opposite Enzite, Kireki and Alzi. All the inscriptions of
Shalmaneser II agree, that this king did not cross the Tigris on
his march from Pitura to Suhme and Daiaeni, and that Alzi
must consequently lie east of the Tigris.

Based on this map, and using the Euphrates and Tigris River as reference, this would put the city of Pitura in what we know today as Turkey - which starts to correlate with further references of a city of Pitura in Kizzuwantna, which was an ancient Anatolian kingdom in the second millennium BC. There is also speculation derived from a 1440BC document that the city of Pitura is around the Yumuktepe (burial mounds) close to modern-day Mersin, Turkey. There has been much archeaology work done in this area and I look forward learning more about Kizzuwanta.

Understandably, translation plays a big part in if there actually was an ancient city of Pitura thousands of years ago, and then of course if it has anything to do with our Pitura surname. Regardless, it's now a story to share.

21 February 2011

1916 Canada Census of Manitoba, Saskatchewan, and Alberta

I have found 36 entries with the name Pitura / Petura in the 1916 Canada Census of Manitoba, Saskatchewan, and Alberta. This census details the number of family in household, name of each person in family, military service, place of habitation, relation to head of household, sex, marital status, age, country or place of birth, religion, year of immigration to Canada, year of naturalization, nationality, race, language, can read and write, occupation and employment.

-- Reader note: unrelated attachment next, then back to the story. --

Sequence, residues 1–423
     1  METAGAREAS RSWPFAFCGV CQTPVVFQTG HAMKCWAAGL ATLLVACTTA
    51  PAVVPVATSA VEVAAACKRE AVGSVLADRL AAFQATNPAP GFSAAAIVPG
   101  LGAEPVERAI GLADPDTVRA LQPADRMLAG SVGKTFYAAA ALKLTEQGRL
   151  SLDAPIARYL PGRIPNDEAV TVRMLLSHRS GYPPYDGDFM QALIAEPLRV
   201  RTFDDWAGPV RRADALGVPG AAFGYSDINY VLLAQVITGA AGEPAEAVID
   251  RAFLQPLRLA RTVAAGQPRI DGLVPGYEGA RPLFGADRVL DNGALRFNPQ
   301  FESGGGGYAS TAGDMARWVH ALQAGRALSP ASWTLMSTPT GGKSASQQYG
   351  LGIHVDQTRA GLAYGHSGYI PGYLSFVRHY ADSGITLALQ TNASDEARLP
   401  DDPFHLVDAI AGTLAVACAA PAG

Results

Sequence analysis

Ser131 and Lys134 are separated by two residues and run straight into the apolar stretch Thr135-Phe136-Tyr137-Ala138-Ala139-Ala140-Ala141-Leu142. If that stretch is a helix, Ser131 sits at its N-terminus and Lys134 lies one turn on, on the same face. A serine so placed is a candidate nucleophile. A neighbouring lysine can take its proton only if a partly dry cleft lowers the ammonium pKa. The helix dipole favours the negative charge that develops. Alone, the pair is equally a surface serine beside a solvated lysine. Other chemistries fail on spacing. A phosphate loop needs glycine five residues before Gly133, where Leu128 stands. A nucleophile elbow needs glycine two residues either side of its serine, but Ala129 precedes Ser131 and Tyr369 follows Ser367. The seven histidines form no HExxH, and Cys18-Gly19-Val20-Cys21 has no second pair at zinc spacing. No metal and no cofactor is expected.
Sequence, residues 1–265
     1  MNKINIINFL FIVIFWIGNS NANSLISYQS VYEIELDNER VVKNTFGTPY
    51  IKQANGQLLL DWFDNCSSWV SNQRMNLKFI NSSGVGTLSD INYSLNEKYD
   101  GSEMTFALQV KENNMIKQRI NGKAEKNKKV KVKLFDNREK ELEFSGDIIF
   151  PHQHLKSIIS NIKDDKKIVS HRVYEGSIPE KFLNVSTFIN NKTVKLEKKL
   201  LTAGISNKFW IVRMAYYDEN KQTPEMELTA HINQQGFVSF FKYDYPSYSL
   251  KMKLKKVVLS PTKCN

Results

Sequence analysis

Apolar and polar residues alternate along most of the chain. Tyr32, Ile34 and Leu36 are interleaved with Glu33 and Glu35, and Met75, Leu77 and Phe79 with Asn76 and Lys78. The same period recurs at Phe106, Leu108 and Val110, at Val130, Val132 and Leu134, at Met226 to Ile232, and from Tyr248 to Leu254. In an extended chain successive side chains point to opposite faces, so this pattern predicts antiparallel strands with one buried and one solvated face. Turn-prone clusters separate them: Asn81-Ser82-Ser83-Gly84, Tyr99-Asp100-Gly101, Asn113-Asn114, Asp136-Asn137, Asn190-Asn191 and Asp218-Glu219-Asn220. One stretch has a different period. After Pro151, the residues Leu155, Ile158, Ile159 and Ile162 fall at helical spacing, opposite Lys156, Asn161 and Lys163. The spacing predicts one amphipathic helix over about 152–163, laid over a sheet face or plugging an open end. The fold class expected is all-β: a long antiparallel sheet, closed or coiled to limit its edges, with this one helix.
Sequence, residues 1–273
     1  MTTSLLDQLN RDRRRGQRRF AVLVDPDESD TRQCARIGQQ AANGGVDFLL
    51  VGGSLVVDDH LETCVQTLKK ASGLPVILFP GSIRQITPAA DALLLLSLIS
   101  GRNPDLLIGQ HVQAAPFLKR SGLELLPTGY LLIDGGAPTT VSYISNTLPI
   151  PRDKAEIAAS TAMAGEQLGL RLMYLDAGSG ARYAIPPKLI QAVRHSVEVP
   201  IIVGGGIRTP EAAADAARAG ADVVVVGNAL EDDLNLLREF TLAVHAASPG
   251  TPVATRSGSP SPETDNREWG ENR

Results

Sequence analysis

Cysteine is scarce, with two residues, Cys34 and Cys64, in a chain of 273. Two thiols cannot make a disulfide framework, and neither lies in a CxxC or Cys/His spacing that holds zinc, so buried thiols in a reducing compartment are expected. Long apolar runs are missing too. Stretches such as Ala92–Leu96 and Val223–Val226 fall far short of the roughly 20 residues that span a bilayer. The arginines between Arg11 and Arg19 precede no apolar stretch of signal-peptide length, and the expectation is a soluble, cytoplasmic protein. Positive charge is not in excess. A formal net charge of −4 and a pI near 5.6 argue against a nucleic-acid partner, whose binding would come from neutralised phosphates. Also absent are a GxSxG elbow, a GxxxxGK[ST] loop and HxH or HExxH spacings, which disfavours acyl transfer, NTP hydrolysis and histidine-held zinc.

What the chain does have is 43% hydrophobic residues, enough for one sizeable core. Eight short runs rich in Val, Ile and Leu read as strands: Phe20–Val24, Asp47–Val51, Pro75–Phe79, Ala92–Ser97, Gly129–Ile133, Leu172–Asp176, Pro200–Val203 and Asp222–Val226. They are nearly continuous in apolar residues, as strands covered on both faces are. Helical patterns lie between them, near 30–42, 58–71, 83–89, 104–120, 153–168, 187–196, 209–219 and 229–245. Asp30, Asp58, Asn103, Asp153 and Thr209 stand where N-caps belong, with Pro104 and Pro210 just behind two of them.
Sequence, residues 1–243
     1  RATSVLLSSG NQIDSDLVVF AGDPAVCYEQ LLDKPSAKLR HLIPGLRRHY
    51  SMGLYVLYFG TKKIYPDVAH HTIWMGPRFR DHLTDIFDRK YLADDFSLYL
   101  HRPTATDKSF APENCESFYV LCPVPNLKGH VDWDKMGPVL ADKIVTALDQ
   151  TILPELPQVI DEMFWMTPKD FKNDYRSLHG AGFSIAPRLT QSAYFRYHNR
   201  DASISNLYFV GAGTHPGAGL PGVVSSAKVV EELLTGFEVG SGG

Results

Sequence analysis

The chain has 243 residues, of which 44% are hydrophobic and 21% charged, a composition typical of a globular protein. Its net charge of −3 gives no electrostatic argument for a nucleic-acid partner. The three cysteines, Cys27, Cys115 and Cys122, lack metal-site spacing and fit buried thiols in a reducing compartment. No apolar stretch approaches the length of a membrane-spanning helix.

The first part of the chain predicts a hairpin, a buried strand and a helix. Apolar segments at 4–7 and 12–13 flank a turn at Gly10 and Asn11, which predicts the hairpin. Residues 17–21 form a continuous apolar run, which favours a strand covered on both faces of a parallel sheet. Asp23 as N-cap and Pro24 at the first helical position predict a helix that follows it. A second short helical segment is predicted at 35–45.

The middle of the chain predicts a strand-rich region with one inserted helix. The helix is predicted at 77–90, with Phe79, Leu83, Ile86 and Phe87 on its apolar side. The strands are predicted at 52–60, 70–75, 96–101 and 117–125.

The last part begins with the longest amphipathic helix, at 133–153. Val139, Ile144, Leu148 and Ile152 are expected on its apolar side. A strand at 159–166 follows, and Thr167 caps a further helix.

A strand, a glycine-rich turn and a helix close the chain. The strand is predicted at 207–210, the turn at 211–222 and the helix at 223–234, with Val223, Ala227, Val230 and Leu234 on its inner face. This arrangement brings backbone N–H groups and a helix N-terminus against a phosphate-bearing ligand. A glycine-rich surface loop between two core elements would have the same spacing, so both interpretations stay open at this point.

The families listed on the first 5 documents are accounted for in our family tree. The remaining are not. Please leave a comment if you have any information.

1) Manitoba, Winnipeg North - 24 - 8:

Listed: Paul Petura (head), Sofia Petura (wife), Frank Petura (son), Stanislaw Petura (son), Wladyk Petura (son), Josef Petura (roomer).

This is my grandfather, Stanley Pitura's family whom we have always known as Pitura, rather than Petura. Interesting, but I assume it's just an error. My great-grandfather, Paul Pitura, is listed as a merchant/owner (grocery store business), and as we know, shortly after this census moved to southern Manitoba to farm with his sons in the Domain area.